It's 2019... Are you still wondering how to attract more millennial members? You shouldn't be—and that can be exciting news if you're one of the many credit unions struggling to find relevance through a generation-focused marketing strategy.
We all know that marketing isn't static: even beyond the dynamic nature of your products and services, the psychographics of your target membership are constantly evolving. But the rapid (and increasing) rate of technological change today has created an interesting flip-flop in inter-generational influence. A hundred years ago, younger generations (we're talking about those beyond adolescence here) were much more influenced by their parents and grandparents as the latter's values, trade skills, customs, and wealth were passed down. Due primarily to the digital revolution, that flow of influence has now swapped directions (even though it began decades ago). Older generations, who weren't raised with the Internet, mobile devices in their pockets, or the sky-high salaries and demand in many of today's career fields, have found it almost essential to their social (and financial) survival to reverse-inherit many of the progressive habits and mindsets of their offspring. Sounds positively academic, eh? Let's get specific...
In 2007, when I was posting to Facebook about a dozen times each day, the platform had just started growing beyond its original college audience. It was, quite literally and intentionally, a social network for youngsters. Fast forward several years, and I was getting connection requests from my aunts, uncles, parents, grandparents, and even great grandparents. But the transition wasn't just platform-focused; it was mindset-focused. Boomers and beyond were suddenly wanting the same level of constant-connectedness that they had spent the previous decade mocking Sidekick-toting teens about. These boomers were trading in their flip phones for smart phones, swapping their tower PCs for Macbooks, scooping up tablets, Facetiming the grandkids, flinging connection requests every which way for Facebook, Instagram, Twitter and, occasionally, Snapchat. Heck, many were even creating their own Bitmojis [gasp!].
Where are we today?
"Millennials and baby boomers are, of course, at different life stages, but the results show that when it comes to the way they use financial services, they have striking similarities," says Steve Shaw, vice president of strategic marketing, Digital Banking, Fiserv. He's right. While the products and services you offer will vary based on the member's age, the habits you're serving are becoming universal:
- 71% of boomers are banking online every week
- Boomers' mobile usage is projected to grow exponentially over the next few years
- Gen Xers are using mobile remote deposit capture even more than millennials—20% vs19%, respectively (boomers have grown to 11%)
And over a 30-day period outlined in Expectations & Experiences: Consumer Payments:
- 64% of millennials used mobile banking to pay bills, but so did 45% of boomers
- 53% of millennials transferred money with mobile banking, but so did 45% of boomers
- 47% of millennials received alerts on their mobile devices, but so did 41% of boomers
While these statistics do demonstrate a difference across generations, that variance is no longer sufficiently significant to justify the complexity that many credit unions are still injecting into the Attract stage of their customer journey marketing strategies. To connect with any generation is now to connect with them all. Attracting millennial members is now simply attracting members. The idea that we need to have a unique value proposition for millennials is effectively obsolete.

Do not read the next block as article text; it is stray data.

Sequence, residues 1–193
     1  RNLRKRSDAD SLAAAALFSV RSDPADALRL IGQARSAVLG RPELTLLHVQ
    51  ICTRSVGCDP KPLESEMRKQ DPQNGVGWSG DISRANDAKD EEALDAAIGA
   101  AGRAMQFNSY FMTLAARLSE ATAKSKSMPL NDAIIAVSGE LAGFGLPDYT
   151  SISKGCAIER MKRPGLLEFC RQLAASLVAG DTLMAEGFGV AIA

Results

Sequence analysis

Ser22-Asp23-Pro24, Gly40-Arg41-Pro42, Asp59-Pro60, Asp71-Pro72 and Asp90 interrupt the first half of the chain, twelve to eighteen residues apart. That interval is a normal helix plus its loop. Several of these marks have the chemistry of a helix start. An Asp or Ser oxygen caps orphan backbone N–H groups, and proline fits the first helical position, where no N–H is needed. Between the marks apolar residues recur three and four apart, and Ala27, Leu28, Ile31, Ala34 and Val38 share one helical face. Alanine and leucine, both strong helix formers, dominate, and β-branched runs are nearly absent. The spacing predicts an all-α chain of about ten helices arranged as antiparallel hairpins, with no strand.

What is the value proposition? No–Why is the value proposition.
I'm a psychic. I'm concentrating right now, in fact... I'm picturing your credit union's marketing assets... I'm seeing websites, emails... some paid media... ah, yes—they're coming into focus now... I see products... promotions... and rates! Lots of rates... oh, my... soooo many rates!
How did I do? If the 14 random credit union websites I just pulled up are any indication, there's a 100% chance I nailed it. Virtually every credit union leads with product, in the form of indiscernible noise being plastered across our screens. But those products are your credit union's What. Your real potential in connecting with new visitors (and building loyalty with existing members, frankly) is hiding in your Why—and that message, conveniently, is generation-agnostic.
"People don't buy what you do; they buy why you do it."
- Simon Sinek
You might be thinking that your credit union differentiates through other features, like innovative branch design and community programs, or on really nailing the digital experience, but those things are your How. And according to TED speaker and author Simon Sinek, it's not that the What and How aren't important, it's just that you need to communicate things in the right order: Why, How, and then What. Zappos isn't successful because they sell shoes on the Internet. Tom's isn't successful because their shoes are better than Nike's. Southwest isn't the most profitable airline in the U.S. (consistently) because they have the most planes. And Tesla isn't going gangbusters because the high cost of their cars is equally offset by savings at the pump.
- Zappos makes the mission of providing "Wow through service" more important than its profits
- Tom's lets you improve someone else's life just by buying yourself a pair of shoes